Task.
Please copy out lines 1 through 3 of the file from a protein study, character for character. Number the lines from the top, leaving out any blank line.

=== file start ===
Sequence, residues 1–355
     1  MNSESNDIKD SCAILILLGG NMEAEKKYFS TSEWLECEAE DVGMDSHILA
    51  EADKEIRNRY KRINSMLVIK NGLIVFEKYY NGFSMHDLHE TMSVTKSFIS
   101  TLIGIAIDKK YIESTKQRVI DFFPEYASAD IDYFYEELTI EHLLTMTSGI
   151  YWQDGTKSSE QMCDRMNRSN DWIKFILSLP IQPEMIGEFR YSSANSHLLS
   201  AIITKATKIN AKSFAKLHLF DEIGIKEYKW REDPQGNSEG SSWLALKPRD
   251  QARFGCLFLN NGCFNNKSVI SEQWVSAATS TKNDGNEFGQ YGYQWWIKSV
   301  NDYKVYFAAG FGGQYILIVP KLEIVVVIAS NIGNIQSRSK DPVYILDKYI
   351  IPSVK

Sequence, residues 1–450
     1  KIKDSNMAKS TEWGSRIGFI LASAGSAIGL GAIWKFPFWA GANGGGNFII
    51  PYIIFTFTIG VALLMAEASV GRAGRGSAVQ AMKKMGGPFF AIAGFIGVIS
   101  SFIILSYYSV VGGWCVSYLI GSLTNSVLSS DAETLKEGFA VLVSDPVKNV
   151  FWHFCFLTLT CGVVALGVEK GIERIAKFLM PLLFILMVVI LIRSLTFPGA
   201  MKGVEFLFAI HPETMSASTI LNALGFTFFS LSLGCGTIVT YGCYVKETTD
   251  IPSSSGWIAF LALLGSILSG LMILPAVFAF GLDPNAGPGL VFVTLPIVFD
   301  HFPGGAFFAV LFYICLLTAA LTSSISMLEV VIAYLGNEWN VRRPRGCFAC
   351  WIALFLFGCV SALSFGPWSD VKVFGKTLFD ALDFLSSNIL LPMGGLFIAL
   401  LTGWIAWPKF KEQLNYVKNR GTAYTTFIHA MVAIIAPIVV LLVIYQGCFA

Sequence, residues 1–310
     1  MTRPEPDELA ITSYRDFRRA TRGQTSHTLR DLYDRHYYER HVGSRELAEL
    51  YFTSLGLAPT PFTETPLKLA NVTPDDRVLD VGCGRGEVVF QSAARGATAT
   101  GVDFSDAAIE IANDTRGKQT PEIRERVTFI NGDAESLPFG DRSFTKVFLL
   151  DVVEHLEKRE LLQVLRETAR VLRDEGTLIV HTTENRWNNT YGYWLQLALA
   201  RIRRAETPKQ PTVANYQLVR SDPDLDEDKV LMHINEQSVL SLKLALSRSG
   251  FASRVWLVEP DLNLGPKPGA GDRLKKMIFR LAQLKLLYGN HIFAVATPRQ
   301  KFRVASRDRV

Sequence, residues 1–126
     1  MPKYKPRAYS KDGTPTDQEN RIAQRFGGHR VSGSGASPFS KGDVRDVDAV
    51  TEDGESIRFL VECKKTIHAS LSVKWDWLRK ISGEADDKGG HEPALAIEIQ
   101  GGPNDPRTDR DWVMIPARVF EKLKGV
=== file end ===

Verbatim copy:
Sequence, residues 1–355
     1  MNSESNDIKD SCAILILLGG NMEAEKKYFS TSEWLECEAE DVGMDSHILA
    51  EADKEIRNRY KRINSMLVIK NGLIVFEKYY NGFSMHDLHE TMSVTKSFIS